The Enemy of the Good (eideteker) wrote,
The Enemy of the Good

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Letting Go, II: Without Wings

Warren clutched the girder with whitening fingers. The city seemed to spin in blackness below like the decal on an LP, his body the spindle. Above, sunlight flooded an otherwise blue sky dappled with clouds. His fingers trembled from the exertion of keeping his body's weight aloft and with the vibration of approaching footsteps. They were coming.

Every fiber in his body was stretched taught, and so acted as a receptor to each and every wave in the air. The sound of hammers being cocked back resonated through his being, and he gulped down what seemed to be a mass of lead in his throat. He closed his eyes and imagined that each bead of sweat that dripped from his body fell with increasing speed until they were a rain of bullets on the poured concrete below. His mind coalesced around the cold reality of his situation and he tried once more to climb. He grabbed for support on anything, but caught nothing. His finger caught on a rivet and he screamed as his fingernail was torn free. The pain and the sun were blinding above and within him, and his resolve was failing, despite his earlier resolution not to let them win. They would know where to find him now, it was simply a matter of time.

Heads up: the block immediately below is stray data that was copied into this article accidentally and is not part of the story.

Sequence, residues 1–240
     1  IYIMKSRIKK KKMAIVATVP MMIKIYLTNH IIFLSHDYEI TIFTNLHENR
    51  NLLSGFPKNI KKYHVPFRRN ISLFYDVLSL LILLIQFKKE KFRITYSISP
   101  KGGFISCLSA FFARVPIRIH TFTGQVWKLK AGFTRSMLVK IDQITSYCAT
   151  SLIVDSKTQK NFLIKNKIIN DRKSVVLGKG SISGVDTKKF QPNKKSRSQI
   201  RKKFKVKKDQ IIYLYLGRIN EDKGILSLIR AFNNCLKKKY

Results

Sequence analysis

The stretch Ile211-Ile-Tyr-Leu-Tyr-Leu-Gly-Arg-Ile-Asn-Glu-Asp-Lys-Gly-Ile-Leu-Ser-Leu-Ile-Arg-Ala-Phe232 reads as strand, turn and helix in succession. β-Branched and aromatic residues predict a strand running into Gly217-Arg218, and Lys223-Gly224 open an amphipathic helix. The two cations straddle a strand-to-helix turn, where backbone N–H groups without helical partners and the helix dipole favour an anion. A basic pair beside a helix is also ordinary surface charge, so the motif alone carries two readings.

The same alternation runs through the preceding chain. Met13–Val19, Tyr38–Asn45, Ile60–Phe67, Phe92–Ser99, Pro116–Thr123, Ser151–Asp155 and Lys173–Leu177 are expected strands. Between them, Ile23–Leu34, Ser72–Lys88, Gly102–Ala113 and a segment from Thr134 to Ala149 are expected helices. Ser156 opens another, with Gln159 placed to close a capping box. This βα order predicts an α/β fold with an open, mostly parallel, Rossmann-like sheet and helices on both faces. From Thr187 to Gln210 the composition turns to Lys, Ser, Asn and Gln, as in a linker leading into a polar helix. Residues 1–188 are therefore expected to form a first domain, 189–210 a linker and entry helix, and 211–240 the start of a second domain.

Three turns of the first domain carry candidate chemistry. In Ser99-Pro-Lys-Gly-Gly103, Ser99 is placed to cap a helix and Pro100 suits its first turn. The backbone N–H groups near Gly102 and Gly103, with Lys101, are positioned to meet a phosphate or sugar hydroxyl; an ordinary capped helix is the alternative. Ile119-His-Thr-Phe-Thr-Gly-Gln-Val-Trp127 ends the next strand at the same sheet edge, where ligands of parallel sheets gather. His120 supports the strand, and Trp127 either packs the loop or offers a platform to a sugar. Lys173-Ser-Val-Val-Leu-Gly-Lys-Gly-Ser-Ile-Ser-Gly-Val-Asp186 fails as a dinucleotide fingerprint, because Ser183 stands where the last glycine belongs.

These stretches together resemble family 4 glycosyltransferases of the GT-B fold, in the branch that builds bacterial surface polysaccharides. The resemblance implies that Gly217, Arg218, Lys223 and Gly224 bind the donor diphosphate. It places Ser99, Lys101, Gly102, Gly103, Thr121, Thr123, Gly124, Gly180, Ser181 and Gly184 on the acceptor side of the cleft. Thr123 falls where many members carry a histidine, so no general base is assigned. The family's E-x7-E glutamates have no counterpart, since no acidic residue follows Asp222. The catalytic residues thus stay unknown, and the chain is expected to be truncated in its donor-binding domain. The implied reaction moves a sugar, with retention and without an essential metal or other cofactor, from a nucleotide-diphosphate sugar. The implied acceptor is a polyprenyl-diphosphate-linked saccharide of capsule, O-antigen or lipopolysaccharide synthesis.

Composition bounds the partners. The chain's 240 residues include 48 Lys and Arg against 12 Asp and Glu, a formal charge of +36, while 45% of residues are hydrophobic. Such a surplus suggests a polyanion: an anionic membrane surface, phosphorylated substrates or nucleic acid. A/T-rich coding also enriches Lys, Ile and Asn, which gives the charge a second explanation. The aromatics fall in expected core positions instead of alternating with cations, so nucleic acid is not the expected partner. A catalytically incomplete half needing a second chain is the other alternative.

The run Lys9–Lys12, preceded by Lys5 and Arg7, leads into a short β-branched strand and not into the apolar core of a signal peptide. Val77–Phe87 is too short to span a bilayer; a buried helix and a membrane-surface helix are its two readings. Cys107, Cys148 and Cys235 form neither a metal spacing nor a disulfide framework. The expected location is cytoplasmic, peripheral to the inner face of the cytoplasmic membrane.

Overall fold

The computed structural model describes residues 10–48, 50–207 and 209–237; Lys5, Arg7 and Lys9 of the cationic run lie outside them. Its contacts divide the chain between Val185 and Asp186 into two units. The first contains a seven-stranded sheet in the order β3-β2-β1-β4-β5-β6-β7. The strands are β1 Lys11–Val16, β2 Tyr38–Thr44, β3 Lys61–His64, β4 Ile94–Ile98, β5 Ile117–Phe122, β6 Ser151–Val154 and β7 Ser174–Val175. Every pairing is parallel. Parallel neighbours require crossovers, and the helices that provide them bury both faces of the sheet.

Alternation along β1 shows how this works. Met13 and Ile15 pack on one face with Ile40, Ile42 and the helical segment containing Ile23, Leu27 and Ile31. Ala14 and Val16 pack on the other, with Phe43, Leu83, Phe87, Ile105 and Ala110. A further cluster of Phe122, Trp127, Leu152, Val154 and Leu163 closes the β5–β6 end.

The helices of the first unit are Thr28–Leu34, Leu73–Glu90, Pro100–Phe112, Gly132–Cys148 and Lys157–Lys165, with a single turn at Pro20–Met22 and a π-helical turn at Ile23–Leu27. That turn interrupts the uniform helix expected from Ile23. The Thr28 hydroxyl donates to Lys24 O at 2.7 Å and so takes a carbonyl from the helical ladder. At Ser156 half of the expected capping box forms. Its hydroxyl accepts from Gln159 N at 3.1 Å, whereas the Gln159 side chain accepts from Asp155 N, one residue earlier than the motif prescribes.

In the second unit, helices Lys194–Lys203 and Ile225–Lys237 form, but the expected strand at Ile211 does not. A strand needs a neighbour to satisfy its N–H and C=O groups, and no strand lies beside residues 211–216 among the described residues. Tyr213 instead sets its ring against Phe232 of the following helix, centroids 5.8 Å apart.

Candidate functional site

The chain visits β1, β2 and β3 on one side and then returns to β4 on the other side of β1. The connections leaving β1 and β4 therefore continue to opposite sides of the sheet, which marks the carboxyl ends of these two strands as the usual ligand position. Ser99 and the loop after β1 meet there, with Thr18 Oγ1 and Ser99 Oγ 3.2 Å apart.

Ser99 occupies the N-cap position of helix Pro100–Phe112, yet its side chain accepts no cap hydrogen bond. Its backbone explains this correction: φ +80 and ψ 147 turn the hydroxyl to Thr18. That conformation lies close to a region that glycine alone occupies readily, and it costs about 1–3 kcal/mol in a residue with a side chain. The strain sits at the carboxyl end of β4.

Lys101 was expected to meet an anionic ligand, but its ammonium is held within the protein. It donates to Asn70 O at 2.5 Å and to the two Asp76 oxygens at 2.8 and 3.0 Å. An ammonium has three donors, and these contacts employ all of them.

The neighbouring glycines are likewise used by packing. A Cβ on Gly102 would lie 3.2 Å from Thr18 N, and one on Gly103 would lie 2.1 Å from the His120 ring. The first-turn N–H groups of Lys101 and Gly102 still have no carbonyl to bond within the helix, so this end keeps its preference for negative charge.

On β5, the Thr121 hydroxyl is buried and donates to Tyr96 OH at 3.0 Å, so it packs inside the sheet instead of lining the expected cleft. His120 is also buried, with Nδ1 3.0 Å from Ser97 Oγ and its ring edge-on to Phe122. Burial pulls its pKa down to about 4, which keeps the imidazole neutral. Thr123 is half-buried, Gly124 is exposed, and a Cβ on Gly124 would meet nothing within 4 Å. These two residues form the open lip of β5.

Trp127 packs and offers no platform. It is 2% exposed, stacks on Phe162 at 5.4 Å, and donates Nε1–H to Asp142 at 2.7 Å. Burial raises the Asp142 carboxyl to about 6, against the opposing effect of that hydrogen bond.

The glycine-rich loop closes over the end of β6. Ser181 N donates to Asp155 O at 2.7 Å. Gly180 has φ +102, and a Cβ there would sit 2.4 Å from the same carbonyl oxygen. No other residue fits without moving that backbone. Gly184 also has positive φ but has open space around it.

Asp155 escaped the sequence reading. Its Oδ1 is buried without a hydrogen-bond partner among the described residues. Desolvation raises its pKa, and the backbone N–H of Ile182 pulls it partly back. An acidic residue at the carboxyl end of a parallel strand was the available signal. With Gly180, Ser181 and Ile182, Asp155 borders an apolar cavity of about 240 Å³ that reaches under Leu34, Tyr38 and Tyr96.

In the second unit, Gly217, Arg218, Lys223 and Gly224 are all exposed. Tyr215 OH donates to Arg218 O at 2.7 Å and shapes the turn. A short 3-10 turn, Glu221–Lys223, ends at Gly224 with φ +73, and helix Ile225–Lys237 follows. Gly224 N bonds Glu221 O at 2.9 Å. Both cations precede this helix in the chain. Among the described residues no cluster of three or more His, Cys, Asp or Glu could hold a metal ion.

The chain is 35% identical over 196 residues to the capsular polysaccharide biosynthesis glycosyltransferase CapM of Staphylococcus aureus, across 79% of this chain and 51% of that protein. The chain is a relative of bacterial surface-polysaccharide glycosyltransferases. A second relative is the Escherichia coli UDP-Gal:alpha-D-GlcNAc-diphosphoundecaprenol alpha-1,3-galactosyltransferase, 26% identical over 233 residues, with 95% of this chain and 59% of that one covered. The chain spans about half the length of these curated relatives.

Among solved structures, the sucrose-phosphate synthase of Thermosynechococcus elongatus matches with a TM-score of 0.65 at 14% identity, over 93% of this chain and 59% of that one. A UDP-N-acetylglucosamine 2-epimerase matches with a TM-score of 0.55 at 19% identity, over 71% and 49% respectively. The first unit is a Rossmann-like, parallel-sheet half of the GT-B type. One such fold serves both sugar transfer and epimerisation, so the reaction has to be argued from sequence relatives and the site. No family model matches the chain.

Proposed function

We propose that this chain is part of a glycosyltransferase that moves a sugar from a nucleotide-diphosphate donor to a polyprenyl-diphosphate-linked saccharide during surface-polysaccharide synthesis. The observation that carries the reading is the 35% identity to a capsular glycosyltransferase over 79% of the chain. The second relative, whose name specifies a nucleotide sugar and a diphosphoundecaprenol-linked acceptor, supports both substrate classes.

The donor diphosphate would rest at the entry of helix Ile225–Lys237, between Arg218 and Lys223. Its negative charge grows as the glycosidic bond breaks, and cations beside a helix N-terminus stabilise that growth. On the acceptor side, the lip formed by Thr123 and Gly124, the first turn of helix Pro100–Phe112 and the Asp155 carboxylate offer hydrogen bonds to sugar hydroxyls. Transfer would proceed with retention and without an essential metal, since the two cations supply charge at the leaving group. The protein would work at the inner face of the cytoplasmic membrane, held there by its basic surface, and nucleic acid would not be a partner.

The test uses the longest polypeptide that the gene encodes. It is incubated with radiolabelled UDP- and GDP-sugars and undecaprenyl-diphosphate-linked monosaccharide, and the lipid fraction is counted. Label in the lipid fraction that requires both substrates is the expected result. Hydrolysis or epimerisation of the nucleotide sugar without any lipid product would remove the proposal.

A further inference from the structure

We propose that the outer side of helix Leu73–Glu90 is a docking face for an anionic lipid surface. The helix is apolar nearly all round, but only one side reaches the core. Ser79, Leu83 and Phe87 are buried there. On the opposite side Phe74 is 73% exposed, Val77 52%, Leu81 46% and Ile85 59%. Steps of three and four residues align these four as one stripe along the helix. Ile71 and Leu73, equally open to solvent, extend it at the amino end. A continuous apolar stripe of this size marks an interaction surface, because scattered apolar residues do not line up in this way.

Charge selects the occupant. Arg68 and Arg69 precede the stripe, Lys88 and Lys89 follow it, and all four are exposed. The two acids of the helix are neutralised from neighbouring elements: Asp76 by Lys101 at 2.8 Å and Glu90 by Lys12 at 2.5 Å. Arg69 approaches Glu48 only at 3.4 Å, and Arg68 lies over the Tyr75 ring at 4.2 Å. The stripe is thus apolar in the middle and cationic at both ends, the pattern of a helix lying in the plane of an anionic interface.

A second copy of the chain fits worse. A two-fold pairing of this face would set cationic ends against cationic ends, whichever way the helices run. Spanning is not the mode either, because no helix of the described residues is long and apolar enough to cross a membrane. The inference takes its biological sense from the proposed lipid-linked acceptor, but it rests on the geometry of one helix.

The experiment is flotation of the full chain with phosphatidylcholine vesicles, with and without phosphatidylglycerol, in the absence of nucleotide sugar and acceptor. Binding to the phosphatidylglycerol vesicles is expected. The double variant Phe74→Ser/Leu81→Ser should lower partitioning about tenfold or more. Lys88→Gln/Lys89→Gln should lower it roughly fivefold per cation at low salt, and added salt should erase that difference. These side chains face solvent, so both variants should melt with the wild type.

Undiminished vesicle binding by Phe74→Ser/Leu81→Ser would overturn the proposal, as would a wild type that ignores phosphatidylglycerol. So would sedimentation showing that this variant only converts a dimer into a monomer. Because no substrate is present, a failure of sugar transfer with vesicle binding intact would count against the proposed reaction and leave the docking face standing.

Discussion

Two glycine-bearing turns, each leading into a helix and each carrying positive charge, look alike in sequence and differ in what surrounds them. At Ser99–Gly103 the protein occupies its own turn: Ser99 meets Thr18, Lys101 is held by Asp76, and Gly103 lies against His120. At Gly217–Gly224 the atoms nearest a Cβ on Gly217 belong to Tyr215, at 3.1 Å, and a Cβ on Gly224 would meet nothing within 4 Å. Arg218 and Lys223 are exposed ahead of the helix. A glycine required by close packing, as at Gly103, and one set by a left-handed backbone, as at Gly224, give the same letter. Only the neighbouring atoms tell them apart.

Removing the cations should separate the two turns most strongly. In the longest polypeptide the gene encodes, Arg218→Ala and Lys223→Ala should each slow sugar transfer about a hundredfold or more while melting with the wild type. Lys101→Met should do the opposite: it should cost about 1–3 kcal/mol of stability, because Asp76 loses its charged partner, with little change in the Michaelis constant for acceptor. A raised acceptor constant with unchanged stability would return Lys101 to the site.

He had escaped because of one inside the organization who was kind enough to help him. But they had everything. They held all the cards, and they commanded the lawyers. They were the judges, the jury, and would be his executioners. It was simply not fair, and he could not allow it to happen to him. His wounded hand hung limp next to his body, the blood and sweat running down his length now joined by tears of mixed fear and exaltation. They would not win; they could not.

Warren had dreams, when he was younger, of sprouting wings and flying away. He would fly away from everything: his home, his mother, his school and all the neighborhood kids. He imagined himself driven to the edge of a great Southwestern cliff in the midst of the desert, almost like the ones in the cartoons. He would turn one last time to face his pursuers before closing his eyes and diving headfirst from the precipice. They were so close, but they could not catch him this time.

His eyes were closed when he acquiesced to the numbness spreading through his body and let go. Moments later, the two men in his pursuit came upon the bloody location of his fall.

"Why'd you let him go?" the officer asked his partner, staring at him with unbelieving disgust. "You knew he'd do something crazy in his condition."

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